the 90s and the 1998 crisis. Putin had no large scale economic view: while Putin
cut taxes to assist business, he also nationalized certain sectors that were
formerly not nationalized. Regardless, unutilized manufacturing and prices
increasing for oil (Russia’s primary export) helped bring in an era of never
before seen wellbeing that Putin is still recognized for, with disposable
income increasing 200% between 1999 and 2006.

Putin may have swapped
on certain economic dilemmas; he has continually progressed toward more
powerful control of his authority. In mid-2004, Putin signed a law that gave
permission to the president to appoint regional governors, a right he mostly
retains in spite of changes prompted by city protests in 2011 to 2012. Putin’s infamous
“castling” with Dmitry Medvedev allowed Putin to become president once again in
2012. All the while, Russia’s dog on the leash parliament had passed a law
allowing the presidential term increase from 4 to 6 years.

 

The worldwide financial
crisis hit the growth like train, causing it to completely halt. While oil money
had caused growth, not much progress had been made in diversifying the economy.
Even prior to oil prices dropping and sanctions because of the Ukraine dilemma came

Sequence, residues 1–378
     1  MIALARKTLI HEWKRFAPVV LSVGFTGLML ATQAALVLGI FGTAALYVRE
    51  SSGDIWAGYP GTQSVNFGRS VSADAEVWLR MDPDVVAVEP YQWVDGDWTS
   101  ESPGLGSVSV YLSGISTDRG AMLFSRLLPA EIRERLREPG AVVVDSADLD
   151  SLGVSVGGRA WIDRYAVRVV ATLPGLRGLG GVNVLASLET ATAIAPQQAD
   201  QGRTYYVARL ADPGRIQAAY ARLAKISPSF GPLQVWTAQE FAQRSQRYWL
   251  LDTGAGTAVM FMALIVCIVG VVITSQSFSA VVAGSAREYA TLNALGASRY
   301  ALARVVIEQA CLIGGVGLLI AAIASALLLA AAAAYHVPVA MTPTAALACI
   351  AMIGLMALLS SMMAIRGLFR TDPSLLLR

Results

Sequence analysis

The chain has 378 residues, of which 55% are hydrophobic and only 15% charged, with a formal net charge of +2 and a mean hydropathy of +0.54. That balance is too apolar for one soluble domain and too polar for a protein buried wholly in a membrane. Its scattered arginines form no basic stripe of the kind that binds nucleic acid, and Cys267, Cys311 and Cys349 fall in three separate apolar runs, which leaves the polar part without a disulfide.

into effect in 2014, economists predicted long-term stalling of economic growth.

Although Putin called
his government’s response to the ruble dropping in late 2014 “good”, blame is
put on the central bank’s immediate interest rate rises, and a controversial bond
issued by state oil company Rosneft for bring down the Ruble.

With the imprisoning of oil oligarchs and
the murders of multiple prominent opposition proponents, Putin’s Russia was
already a place where dispute was not welcome. But the key changing moment arrived
during the winter of 2011-2012. Opposition protests for some time threatened a
Russian Arab spring in Moscow. Putin acted rapidly. Multiple criminal cases on suspicious
charges were opened against the anti-corruption proponent, Alexei Navalny, as
well as a couple dozen protesters from the mid-2012 Bolotnaya Square protest.
Since Putin’s returning to the presidential office in 2012, new laws have increased
the penalties for those participating in protests not sanctioned by Putin’s
power.

Amid growing Russian
nationalism and ideas about traitors, Putin stated in December that opposition
voices, especially Navalny’s led movement, could be a part of the “fifth
column” undermining the authority. Putin started an uncompromising fight
against ideological opposition voices. Symbolically, one of the opposition’s leading
voices, former deputy prime minister, Boris Nemtsov, was assassinated right in
front of the Kremlin.

During Putin’s third
term as president, authorities have also tightened the screws on non-government
related organizations that acquire funding from elsewhere, which Putin has earlier